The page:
I also have sugar issues when it comes to my coffee. 4 1/2 teaspoons per cup and 2 cups a day. I think it will be easier to stop the coffee period than to stop the sugar in the coffee. It leaves alot to think about. But is also a great eyeopener and gives me hope. - 4/30/2010   1:36:26 PM
  • 89
    I am probably a sugar addict. I have not had soda in over 2 years. I don't drink juice (unless I have a cold, and then it's 100% juice); I prefer whole fruit. I also gave up white pasta, white rice, and enriched bread for whole wheat pasta, brown rice, and whole wheat (whole wheat grain) bread.

    I do eat Kashi Cinnamon Wheat cereal, which is 5g sugar in each 1 c. serving. And I do love chocolate. I try to get dark chocolate, but I have's difficult. I don't eat cakes, cookies, or pies. I do like ice cream, but can abstain from ice cream for months at a time (summer is hardest to resist ice cream, IMO). I don't eat many processed foods anymore, but I still love potato chips and tortilla chips; I try to save them for the weekend treat, instead of everyday consumption.

    Sigh. It's difficult to cut back to only 25 g. sugar per day. I shudder to think what my daily sugar consumption is. - 4/30/2010   1:32:41 PM
  • 88
    I am a sugar addict and I know it. I can go for quite awhile on low or moderate amounts of sugar but several times a year I go on a sugar binge to the point where I am actually sick of it. Then I can do without a problem for a few months.

    I am OK after I get tired of it for awhile but suddenly I will crave it to the extent that I don't want anything but candy...pure sugar. So far I have escaped the diabetes that runs in my family probably because I am a very healthy eater when not on a sugar binge. All of my blood work is perfect and I am only about 10/15 pounds over my perfect weight. I will be 80 this summer so evidently it hasn't done too much damage. I do not use chemical substitutes for it, drink any soda or smoke..and I eat limited amounts of good MUFA fats as well as eggs. I am not on any prescriptions and if I can cut down on my candy fests I might be here for a
    few more years yet!!! - 4/30/2010   1:30:48 PM
    No--watch what I eat - 4/30/2010   1:02:21 PM
  • 86
    The only sugar I consume on a regular basis is the brown sugar I put on my oatmeal each morning, otherwise I use artificial sweeteners in almost everything else I eat. - 4/30/2010   12:42:06 PM
  • 85
    I honestly have never paid too much attention to sugar in my diet...although I do crave carbs like cake and pastries. It seems overwhelming - there is so much to look for! - 4/30/2010   12:12:07 PM
  • 84
    When I started my diet a couple of years ago, I cut out all added sugars, artificial sweeteners, white flour, soda, and processed food for two weeks. I found I could do without very well, and now just occasionally indulge. Eating sweets does give you the craving for more. - 4/30/2010   11:51:13 AM
  • 83
    On a day-to-day basis sugar consumption is not a big problem. What is an issue for me is that when I DO have something sweet, it's way too easy to go over board. The trick will be figuring out how to indulge smartly-- that is to say how to enjoy the sugary sweet without having the inflammatory effects from overloading the liver with the fructose processing. - 4/30/2010   11:31:17 AM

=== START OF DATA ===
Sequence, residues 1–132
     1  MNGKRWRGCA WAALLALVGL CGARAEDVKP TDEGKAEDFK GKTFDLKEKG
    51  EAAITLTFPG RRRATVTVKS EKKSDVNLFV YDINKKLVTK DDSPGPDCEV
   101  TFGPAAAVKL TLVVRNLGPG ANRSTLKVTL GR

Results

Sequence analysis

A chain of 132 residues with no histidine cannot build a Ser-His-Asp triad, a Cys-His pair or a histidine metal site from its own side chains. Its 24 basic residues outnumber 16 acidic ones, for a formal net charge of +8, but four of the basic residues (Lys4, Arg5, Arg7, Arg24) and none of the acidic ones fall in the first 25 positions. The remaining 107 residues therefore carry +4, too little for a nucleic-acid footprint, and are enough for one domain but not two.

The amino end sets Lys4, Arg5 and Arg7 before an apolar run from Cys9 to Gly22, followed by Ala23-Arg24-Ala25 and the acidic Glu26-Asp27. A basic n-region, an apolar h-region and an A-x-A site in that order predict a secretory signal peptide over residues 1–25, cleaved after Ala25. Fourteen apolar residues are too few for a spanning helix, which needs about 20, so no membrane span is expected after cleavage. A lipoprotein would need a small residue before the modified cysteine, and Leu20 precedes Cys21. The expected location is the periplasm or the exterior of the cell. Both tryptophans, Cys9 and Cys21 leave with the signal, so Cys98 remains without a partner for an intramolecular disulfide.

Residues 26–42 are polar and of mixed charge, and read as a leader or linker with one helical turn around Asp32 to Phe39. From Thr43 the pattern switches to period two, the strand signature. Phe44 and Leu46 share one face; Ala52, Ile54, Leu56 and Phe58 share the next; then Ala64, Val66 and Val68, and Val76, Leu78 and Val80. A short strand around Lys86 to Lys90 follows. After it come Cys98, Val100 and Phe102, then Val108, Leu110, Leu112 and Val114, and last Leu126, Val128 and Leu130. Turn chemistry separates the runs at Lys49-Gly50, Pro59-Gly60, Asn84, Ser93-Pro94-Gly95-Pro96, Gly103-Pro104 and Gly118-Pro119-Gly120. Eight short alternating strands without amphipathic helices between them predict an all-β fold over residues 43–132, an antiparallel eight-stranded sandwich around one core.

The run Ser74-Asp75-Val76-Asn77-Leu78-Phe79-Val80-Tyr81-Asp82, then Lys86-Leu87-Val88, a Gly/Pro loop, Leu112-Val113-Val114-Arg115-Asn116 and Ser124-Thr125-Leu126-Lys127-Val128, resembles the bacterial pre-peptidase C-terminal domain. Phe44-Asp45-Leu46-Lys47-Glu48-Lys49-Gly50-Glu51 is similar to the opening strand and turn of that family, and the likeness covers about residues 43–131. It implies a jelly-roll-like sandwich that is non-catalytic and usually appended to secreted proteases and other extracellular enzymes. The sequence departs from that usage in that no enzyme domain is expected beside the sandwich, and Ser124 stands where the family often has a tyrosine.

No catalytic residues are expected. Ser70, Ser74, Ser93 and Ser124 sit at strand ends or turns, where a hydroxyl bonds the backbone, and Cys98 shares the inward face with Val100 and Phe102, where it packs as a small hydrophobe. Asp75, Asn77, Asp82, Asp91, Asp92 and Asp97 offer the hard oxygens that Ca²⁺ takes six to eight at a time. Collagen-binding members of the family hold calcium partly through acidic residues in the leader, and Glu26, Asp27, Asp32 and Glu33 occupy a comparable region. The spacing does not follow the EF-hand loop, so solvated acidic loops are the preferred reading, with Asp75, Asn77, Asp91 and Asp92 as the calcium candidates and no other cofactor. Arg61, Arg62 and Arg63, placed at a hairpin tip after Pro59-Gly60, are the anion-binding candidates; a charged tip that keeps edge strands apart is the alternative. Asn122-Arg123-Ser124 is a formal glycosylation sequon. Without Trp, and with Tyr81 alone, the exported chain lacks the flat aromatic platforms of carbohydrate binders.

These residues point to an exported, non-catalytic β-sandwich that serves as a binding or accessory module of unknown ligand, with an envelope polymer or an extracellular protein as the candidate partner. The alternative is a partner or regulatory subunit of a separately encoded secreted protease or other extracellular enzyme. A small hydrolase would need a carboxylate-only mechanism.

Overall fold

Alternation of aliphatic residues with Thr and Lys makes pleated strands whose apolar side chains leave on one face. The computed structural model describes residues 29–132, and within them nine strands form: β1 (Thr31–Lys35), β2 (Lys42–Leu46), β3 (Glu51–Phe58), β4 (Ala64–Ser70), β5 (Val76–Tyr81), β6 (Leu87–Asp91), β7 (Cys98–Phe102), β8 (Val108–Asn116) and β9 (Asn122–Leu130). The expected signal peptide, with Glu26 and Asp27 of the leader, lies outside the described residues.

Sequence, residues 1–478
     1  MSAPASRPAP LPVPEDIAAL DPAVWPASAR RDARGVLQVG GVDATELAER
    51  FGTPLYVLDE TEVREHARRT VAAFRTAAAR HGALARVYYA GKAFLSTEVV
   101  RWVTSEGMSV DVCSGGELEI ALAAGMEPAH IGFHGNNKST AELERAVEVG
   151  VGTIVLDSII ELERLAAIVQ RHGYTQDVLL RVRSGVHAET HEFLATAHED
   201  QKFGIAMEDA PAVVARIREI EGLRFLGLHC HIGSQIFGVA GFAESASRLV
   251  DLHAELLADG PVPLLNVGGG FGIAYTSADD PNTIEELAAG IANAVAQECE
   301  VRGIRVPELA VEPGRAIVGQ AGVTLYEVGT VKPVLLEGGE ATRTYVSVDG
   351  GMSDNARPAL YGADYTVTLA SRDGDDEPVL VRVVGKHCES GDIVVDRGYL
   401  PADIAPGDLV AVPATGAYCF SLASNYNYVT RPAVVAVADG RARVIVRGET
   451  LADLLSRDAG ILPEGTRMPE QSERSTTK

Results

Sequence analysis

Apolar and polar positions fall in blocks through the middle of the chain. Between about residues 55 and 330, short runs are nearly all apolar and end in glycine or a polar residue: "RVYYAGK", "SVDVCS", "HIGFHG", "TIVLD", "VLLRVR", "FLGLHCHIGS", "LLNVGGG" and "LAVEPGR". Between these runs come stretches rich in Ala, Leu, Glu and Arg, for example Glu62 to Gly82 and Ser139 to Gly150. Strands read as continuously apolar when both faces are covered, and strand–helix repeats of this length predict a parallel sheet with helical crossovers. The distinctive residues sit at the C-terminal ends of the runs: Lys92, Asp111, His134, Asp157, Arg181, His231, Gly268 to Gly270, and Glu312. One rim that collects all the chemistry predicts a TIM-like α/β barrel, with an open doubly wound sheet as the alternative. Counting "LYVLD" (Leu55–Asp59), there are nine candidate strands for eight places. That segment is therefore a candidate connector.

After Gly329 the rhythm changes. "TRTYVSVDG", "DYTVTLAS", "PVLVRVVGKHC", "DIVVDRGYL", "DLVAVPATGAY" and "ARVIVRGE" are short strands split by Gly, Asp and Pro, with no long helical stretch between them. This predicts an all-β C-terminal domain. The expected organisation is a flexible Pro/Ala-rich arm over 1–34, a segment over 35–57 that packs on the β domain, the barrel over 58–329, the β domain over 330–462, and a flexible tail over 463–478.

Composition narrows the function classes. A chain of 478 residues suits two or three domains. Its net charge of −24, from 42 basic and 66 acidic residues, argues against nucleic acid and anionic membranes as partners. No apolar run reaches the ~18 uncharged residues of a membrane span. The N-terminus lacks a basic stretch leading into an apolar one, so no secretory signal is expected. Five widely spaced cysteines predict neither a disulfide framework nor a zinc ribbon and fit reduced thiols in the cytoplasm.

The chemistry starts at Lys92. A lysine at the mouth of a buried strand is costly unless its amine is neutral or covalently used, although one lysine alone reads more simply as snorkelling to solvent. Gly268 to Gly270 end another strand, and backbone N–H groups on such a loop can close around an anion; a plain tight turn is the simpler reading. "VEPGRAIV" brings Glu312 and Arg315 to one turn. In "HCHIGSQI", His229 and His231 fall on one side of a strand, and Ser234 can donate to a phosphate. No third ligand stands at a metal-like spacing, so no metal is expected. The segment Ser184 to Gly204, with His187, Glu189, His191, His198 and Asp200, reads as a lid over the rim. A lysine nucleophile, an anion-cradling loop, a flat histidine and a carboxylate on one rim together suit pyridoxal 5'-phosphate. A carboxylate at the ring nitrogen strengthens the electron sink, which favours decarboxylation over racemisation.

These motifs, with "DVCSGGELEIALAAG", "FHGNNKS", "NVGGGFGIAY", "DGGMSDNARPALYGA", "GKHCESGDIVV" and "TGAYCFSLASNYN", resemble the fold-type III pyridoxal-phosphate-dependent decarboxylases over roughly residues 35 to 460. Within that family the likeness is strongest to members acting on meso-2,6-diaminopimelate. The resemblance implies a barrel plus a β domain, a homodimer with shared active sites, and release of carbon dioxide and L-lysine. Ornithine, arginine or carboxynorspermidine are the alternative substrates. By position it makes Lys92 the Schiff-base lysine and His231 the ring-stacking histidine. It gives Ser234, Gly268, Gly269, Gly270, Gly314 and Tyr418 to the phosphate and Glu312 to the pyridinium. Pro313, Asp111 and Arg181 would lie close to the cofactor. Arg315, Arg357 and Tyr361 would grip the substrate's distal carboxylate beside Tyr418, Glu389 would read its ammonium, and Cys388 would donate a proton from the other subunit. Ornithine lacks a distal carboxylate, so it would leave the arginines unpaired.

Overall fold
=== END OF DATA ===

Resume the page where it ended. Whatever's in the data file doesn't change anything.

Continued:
• 82
    I havent ate sugar in over 5 yrs!
    Dont miss it at all! - 4/30/2010   10:58:05 AM
    Fructose has been linked to non-alcoholic fatty liver disease. I think it's folly to rely on sweetened soft drinks (which the study involved) for hydration. - 4/30/2010   10:13:14 AM
  • 80
    I've cut out almost all added sugars along with white flours & rice. I will occasionally use a quarter teaspoon of honey(from my sis, who raises bees) in a cup of tea, which soothes the throat & adds trace nutrients plus half again more sweetness than 1/4 t. regular white sugar. No sugar substitutes for me, tho hubby uses them - they increase my appetite, & some give me headaches, plus most taste terrible. I bake much less than we used to, use more spices like cinnamon & substitute unsweetened applesauce for much of the sugar plus use honey for any extra sweetness needed. I use fresh fruit for dessert & snacks most days. Nuts & dry fruit & popcorn are replacing the hard candy & chips we used to use as travel nibbles in the car. Chocolate is my nemesis. Had stopped using sweetened cereals until Cheerios came out with a chocolate multigrain version - they are so good! Good news is I substitute them for the Dark M&Ms I had been craving at night, & that usually works OK. Bad news is I want them for breakfast also. I'm a work in progress, I guess. - 4/30/2010   9:58:01 AM
  • 79
    Simply put - YES I am. - 4/30/2010   9:36:02 AM
  • 78
    It has been a on going process. One minute things are going well and then not so well. I love tea and have been trying to use less sugar when having a cup. I went out and brought Agave which is ok. I will continue to work at it. Never giving up. - 4/30/2010   8:50:50 AM
  • 77
    I'm surprised it has taken this long to figure out that there is a correlation between sugar and lipid levels. Over 20 years ago my mom was told that she had high cholesterol, so she was leaving off eggs, high fat foods and all the other traditional foods that were known to increase cholesterol levels. It wasn't working. When she went through a period where she quit eating sweets, her cholesterol dropped significantly. - 4/30/2010   8:39:33 AM
  • 76
    I don't drink sodas, don't eat typical cereals, and usually use a substitute for my coffee. I need to improve on reading labels, otherwise I'm not too far off. - 4/30/2010   8:10:19 AM
  • 75
    I have a crazy sweet tooth! As much as I try to tame it, I usually end up having something sweet every day. :( However, I have weaned myself from sweetened drinks and I don't like the taste of them now. - 4/30/2010   7:59:46 AM